Please visit the following link to this week’s poetry video, sampling one of Poetry‘s poems:

blog written by lyw

Image Credits:

… a small piece of poetry can sometimes march

 

painting: "Charles Leslie - Landscape" by Charles Leslie (British, 1835-1890) c/o wikipedia

painting: “Charles Leslie – Landscape” by Charles Leslie (British, 1835-1890) c/o wikipedia

Watching the news, reading Hemingway and most non-fiction tends towards that factual quality that says: take it or leave it for what it is.  And when the news is unpleasant, it can leave one feeling a little helpless.  And when such a story meets a great poet, this combination can be an effective vehicle for delivering uncomfortable truths.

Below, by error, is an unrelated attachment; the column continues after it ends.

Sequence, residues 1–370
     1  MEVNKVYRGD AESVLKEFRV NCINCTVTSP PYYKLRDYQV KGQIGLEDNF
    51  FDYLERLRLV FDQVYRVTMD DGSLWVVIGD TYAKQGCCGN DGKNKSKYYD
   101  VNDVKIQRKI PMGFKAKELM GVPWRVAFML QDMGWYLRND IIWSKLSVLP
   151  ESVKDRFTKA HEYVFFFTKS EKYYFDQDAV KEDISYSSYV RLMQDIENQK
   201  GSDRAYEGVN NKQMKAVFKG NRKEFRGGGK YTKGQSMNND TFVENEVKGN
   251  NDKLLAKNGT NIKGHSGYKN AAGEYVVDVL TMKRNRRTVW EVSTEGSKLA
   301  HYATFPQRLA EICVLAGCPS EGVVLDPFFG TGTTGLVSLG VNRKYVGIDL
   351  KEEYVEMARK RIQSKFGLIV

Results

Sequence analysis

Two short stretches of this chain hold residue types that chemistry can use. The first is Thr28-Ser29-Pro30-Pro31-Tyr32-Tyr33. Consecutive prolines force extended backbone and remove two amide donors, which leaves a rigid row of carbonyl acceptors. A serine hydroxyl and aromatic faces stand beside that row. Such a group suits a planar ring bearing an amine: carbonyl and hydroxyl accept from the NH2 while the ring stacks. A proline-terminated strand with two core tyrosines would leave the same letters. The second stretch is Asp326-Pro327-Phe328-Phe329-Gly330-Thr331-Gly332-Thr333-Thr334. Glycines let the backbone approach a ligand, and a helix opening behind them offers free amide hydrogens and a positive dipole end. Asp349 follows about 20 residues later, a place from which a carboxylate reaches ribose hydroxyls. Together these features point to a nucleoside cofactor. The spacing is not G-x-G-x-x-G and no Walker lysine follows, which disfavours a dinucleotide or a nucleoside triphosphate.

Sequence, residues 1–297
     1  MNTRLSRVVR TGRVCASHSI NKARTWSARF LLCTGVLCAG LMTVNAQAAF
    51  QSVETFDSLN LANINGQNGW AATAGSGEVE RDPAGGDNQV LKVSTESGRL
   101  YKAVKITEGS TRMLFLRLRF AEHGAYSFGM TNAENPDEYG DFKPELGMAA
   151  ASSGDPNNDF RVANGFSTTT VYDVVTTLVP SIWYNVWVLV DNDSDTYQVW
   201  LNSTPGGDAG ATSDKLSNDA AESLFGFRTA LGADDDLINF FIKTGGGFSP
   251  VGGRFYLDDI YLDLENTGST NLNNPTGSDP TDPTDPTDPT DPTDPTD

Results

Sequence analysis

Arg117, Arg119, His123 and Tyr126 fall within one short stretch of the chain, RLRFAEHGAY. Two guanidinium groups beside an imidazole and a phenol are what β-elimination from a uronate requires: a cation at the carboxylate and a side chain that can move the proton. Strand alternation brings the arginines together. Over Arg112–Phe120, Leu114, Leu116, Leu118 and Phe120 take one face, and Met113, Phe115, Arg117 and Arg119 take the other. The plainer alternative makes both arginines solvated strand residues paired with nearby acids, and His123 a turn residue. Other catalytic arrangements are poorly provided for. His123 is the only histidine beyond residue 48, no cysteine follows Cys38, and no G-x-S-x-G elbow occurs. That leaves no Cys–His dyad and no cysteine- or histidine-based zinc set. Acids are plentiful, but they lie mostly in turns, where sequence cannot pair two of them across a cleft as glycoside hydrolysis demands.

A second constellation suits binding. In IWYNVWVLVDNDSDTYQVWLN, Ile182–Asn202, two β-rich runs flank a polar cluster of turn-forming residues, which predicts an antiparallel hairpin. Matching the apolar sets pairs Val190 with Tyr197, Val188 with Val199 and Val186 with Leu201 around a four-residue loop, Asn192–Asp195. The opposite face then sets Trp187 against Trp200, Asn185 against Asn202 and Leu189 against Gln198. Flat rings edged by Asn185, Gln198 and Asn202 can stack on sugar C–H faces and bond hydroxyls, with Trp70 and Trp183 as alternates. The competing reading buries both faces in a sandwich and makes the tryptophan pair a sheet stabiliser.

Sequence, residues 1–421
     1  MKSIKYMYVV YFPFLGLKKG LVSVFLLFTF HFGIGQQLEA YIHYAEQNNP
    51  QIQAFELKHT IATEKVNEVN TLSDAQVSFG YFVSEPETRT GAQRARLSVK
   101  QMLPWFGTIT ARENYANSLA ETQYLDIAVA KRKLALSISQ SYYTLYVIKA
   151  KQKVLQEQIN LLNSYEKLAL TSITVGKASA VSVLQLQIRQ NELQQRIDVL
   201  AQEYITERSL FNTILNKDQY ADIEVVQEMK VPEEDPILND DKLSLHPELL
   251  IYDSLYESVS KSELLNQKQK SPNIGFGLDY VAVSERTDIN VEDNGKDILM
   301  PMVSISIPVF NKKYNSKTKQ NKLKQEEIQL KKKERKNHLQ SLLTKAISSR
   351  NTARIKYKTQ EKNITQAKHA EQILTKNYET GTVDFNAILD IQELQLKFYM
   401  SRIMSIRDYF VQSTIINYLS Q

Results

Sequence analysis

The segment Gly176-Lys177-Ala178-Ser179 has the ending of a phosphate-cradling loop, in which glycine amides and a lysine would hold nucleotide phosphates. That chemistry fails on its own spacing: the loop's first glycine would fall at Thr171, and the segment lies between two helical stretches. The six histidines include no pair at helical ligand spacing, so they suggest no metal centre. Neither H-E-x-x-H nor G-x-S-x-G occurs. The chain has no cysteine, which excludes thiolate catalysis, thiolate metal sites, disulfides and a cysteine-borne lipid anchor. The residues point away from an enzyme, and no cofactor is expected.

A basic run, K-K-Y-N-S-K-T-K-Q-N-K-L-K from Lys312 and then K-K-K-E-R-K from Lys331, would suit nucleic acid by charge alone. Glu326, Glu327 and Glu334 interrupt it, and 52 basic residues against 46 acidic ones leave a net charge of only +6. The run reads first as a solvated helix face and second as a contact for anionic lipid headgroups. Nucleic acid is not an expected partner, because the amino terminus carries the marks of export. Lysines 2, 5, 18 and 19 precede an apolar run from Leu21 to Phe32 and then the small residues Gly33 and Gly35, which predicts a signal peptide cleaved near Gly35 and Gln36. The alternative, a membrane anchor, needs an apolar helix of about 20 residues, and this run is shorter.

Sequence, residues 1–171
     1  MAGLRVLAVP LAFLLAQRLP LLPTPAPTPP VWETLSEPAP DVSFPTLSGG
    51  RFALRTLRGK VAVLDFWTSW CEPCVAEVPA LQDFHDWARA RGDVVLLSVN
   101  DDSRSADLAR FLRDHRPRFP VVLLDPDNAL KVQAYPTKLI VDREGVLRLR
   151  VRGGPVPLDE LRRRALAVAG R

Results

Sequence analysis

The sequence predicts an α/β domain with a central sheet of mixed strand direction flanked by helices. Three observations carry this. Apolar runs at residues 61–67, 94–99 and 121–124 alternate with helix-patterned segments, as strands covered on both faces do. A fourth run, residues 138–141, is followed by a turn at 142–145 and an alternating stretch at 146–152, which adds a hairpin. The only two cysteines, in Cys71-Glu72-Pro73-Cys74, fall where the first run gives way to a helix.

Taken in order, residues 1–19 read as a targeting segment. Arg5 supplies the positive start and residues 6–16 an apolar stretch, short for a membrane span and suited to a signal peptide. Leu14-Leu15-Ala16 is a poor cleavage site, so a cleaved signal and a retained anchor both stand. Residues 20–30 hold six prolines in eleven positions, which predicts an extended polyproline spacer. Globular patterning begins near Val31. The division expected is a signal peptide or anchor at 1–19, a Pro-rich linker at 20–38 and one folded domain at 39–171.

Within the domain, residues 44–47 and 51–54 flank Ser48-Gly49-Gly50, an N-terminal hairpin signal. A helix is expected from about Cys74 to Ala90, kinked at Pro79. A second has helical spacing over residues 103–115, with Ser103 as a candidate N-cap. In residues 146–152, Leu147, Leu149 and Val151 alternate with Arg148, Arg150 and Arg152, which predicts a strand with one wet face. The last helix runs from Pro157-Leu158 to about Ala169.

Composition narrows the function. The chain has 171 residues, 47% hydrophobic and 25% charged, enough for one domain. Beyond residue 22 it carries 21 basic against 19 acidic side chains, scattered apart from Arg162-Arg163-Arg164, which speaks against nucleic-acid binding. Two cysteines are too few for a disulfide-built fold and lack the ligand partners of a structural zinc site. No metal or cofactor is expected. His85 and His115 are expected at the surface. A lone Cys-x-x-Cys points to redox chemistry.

Like the news, a poem can inform a reader on all the realities of our day but with a lot more empathy. A great poet can make a news story, the poet’s story.  A great poem invites readers to make the poet’s story, their story – if for just the moment of reading.  Thus, this kind of news can be quite powerful.

Painting: "Magdalen with the Smoking Flame c1640 Georges de La Tour" by Georges de La Tour c/o wikipedia

Painting: “Magdalen with the Smoking Flame c1640 Georges de La Tour” by Georges de La Tour c/o wikipedia

Some of the best poems ever written are about the ugliest subjects such as war, hatred and other such human sorrows and evils.  My purpose in this blog is to attract more readers to poetry not disturb them away, however, since we explore the best qualities in poetry I think this less sunny side must be touched on a little bit.